There may have been a rumor (as a result of the leakage of these tests) that Barry Bonds may have failed a test. This is only a rumor. Even if it were true, if this test or tests were leaked in violation of an agreement with Major League Baseball, then in my opinion this is tantamount to a violation of due process. You will find the due process clause in the Fifth Amendment to the U.S. Constitution. Therefore, it should not be admissible in court or held against him in the world of public opinion.

Baseball Writer's of America are what is often called, "baseball purists." This means that they hold the statistics that make up the game of baseball in a idolised manner. The problem with this logic is that there is no pure baseball statistics that have survived Major League Baseball. My proof is that from 1891 to 1903, Coca-Cola had cocaine as one of its ingredients. Every Major League Baseball player at the time, more than likely drank a bottle of Coca-Cola from time to time. As a result, these players were playing baseball "on cocaine." You may be thinking that cocaine was not illegal during that time period. My point exactly. Steroids were not against Major League Baseball rules during the "steroid era" time period.

From a "purist" standpoint, all the records of every baseball player who played during this time and drank Coca-Cola should have an asterisk by their name in the record books. Of course, we do not know how many players drank cocaine laced Coca-Cola at the time, but maybe we need a congressional hearing on the subject. Similar, if you will to the congressional hearings on the "steroid era." We know how effective the "steroid era" hearings were, don't we? They managed to tarnish the reputation of some baseball players and the members of congress at those hearings may falsely believe that they elevated their status among the "purists." In reality, it was just a colossal case of wasting taxpayer dollars. These congressional hearings did not accomplish anything other than start a witch hunt against Mr. Bonds and also Mr. Roger Clemens. By the way, I feel the same way about Mr. Clemens as I do Mr. Bonds. There are no asterisks assigned to baseball players records as a result of these congressional hearings. The baseball purists did not win.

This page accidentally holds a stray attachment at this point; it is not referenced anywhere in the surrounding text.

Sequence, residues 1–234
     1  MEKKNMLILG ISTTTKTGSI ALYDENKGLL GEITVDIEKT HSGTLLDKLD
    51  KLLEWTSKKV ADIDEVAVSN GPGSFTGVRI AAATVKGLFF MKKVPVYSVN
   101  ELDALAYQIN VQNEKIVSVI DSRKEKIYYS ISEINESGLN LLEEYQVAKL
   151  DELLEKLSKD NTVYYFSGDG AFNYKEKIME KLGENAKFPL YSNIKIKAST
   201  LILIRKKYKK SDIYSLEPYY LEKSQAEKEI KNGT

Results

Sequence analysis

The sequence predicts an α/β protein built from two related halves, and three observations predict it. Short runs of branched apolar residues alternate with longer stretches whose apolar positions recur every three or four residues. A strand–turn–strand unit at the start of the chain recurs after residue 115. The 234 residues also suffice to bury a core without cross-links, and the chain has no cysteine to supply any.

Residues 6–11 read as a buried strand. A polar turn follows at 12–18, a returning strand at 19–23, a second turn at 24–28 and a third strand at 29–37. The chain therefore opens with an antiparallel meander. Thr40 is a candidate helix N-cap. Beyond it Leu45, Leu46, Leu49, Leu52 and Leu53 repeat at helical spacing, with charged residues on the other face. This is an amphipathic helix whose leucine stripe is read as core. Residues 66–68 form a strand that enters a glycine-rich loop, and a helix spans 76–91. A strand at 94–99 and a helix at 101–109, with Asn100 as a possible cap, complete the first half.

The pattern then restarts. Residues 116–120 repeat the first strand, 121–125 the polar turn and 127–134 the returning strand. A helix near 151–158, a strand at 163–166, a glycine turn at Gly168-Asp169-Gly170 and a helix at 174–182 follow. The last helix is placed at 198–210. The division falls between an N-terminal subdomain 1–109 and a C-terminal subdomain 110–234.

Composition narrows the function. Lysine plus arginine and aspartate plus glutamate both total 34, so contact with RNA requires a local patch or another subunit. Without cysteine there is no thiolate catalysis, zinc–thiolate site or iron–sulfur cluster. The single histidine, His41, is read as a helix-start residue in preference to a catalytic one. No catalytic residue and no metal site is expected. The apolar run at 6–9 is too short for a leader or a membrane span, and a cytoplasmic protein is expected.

As far as Mr. Bonds is concerned, he is being discriminated against because he is black and he beat Babe Ruth's home run record. Stupid people point to the fact that he gained a significant amount of weight during his career and this is proof of steroid use. I compared my weight to Barry Bonds' weight during the same age assumptions and found that I gained just as much weight as Barry Bonds during the same years. So, the weight argument is idiotic and just something stupid people want to believe.

Secondarily, any baseball player that has ever broken Babe Ruth's records has been belittled and discriminated against. I cite Hank Aaron and Roger Maris as examples. Both men suffered unbelievable insults and indignities for their efforts. Mr. Bonds is a black man. He also had a love hate relationship with the press. This occurred because he told a reporter something one time and that reporter printed a lie. After that, Mr. Bonds soured on speaking to the press and for a long time, he refused to speak to them at all. This is another factor in why there are people who are against him. The press prints all this bad stuff and most of America reads it and believes it. Now, when he needs support, he can find little, because the baseball writers and the press continue to "pay back" Mr. Bonds for blowing them off over the years of his career.